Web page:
Brother, Can You Spare a Dime?

My parents married during the so-called "Great" Depression, and I grew up watching my mother take pieces of used wax paper, smooth them out and refold them, for future use. She saved string, too. And made rubber band balls. So the notion of saving, parsimony, thrift, was deeply embedded — in me, and in all of my young friends.

The song "Brother, Can You Spare a Dime?" is one I always knew. And as I was preparing to talk about it with Rob Kapilow for Weekend Edition Saturday, I learned some marvelous things about its origins.

The melody is one that composer Jay Gorney always knew. His mother sang it to him — a Polish lullaby she brought over from the old country. Gorney put it in a Broadway revue about the Depression called "Americana." The revue went nowhere, but lyricist Yip Harburg thought he could save the show. He invited some Tin Pan Alley composers to play old tunes they had stored away in trunks. Jay Gorney played his mother's lullaby. Harburg liked the tune, but thought he could write better lyrics. And he was right.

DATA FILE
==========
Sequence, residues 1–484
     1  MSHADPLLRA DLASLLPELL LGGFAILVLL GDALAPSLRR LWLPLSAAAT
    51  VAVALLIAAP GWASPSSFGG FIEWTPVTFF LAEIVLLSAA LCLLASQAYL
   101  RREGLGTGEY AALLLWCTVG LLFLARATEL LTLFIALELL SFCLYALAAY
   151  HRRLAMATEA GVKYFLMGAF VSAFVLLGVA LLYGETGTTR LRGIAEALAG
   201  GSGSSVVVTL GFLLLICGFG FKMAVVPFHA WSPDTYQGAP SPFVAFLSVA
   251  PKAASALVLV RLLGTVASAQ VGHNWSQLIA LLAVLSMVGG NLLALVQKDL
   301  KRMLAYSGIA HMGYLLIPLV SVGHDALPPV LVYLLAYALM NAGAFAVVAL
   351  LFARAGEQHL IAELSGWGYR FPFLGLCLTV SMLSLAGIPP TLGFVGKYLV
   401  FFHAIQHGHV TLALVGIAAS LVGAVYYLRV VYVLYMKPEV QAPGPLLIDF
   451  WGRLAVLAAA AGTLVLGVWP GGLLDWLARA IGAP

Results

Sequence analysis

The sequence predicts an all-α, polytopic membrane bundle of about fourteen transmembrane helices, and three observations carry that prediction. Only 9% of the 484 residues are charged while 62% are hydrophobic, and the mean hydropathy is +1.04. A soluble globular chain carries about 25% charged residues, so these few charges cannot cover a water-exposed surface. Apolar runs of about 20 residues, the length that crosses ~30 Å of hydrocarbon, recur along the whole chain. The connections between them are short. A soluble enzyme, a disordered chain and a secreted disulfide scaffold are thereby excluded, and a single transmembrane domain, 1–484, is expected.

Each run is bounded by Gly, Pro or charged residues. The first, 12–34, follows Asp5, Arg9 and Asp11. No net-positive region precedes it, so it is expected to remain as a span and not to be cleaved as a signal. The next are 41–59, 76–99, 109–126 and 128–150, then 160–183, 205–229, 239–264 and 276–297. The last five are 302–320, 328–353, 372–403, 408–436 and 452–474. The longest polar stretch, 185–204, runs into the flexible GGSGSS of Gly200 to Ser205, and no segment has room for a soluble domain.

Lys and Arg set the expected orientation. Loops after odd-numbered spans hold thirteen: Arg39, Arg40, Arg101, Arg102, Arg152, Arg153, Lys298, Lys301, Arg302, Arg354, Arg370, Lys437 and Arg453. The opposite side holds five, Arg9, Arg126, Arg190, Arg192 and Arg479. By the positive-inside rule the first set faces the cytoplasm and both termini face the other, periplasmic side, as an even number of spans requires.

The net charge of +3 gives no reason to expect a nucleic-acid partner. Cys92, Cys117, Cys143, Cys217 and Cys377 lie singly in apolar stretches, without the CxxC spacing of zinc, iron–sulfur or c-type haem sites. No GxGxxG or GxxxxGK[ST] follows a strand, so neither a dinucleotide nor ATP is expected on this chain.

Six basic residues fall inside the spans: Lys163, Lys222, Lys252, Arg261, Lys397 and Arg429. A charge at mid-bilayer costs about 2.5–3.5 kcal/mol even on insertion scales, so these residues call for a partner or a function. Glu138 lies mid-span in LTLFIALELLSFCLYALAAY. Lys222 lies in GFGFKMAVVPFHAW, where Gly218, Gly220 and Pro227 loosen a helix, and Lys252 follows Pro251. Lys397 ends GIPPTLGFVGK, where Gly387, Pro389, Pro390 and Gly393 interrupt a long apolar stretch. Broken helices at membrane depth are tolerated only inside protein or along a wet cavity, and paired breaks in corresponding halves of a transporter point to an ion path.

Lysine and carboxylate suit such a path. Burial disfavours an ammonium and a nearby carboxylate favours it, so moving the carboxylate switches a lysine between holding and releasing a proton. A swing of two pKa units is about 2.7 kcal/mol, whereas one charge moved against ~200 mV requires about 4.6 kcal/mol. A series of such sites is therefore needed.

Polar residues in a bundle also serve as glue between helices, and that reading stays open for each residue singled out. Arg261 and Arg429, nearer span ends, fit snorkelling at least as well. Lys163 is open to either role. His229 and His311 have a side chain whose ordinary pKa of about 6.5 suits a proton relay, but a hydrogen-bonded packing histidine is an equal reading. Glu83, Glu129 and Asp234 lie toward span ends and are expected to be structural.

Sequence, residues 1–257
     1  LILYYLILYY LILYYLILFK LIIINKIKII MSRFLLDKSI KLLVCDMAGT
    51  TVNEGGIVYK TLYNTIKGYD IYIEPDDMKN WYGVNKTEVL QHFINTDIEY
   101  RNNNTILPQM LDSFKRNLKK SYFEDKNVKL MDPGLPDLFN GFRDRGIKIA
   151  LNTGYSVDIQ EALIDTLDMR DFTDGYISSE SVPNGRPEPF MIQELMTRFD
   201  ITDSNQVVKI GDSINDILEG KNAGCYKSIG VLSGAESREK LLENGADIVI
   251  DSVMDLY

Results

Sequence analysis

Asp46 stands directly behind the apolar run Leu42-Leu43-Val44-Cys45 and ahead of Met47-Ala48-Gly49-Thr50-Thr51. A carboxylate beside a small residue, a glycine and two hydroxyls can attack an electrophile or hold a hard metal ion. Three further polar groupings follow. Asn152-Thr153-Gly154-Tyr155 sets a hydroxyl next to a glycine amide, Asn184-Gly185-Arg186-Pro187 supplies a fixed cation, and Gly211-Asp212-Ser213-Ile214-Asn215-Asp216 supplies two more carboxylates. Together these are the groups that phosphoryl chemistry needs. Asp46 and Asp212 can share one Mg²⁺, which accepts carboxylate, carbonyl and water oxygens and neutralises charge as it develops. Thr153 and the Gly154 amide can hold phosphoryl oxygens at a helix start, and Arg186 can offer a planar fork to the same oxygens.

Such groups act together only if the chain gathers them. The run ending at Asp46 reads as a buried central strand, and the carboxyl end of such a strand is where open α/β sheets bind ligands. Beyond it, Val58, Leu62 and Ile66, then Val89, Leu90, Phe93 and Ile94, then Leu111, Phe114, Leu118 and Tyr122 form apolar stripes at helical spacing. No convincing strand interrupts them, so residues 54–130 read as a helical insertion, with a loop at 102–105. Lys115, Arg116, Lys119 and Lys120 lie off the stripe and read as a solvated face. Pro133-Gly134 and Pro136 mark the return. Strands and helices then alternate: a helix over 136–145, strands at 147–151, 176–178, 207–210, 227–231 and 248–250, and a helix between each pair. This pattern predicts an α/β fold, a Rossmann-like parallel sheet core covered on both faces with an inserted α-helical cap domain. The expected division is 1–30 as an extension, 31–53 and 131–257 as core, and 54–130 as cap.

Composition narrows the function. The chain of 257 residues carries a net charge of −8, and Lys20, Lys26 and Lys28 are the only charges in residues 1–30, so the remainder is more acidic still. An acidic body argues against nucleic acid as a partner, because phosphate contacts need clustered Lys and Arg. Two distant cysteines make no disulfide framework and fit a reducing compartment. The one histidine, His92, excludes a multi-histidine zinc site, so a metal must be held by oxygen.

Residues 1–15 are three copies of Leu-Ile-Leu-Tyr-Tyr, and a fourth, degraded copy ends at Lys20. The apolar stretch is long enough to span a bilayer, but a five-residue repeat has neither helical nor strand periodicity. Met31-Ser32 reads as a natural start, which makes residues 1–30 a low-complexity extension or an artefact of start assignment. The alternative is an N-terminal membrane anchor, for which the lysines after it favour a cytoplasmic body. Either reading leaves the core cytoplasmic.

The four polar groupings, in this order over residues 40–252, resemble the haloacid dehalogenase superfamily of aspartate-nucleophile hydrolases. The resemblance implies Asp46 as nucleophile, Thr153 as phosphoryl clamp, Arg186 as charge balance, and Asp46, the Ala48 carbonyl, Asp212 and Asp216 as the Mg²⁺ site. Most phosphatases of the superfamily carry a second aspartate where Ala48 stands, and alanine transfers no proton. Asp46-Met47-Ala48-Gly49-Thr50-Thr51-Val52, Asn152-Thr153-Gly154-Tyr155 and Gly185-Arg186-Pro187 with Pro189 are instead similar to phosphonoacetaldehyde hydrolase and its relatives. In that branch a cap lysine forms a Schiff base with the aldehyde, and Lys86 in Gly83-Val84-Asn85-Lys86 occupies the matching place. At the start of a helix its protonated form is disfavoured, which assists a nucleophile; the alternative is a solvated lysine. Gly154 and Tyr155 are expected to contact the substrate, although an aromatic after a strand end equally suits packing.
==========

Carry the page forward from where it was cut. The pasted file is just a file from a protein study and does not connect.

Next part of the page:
Gorney and Harburg were introduced by Harburg's good friend Ira Gershwin. The men were born in the same year — 1896 — the children of immigrants, and grew up dirt poor. Both were politically active, spoke out for the rights of the underdog workingman, and both were blacklisted. Their political passion rings out in this song. And surely contributes to its longevity.

In an interview, lyricist "Yip" Harburg spoke about words and music. A well-written song, he said, "makes you feel a thought." Music makes you feel. Lyrics make you think. Together, they make magic.

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